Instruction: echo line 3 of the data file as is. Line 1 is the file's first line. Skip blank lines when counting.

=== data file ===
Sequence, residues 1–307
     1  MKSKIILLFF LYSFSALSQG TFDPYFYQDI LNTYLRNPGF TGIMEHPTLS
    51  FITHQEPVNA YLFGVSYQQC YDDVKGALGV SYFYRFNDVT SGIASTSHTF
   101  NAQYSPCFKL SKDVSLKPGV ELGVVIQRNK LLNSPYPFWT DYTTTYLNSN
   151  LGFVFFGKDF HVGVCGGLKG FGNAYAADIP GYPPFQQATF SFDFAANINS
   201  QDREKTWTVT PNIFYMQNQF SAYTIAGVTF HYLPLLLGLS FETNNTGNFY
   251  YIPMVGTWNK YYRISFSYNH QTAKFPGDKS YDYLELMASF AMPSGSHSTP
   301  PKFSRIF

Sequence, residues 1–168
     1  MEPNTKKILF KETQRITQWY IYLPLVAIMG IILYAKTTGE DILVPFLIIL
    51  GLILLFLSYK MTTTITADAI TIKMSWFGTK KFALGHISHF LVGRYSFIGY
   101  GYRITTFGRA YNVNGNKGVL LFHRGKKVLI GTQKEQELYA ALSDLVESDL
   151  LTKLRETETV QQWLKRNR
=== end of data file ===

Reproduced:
    51  FITHQEPVNA YLFGVSYQQC YDDVKGALGV SYFYRFNDVT SGIASTSHTF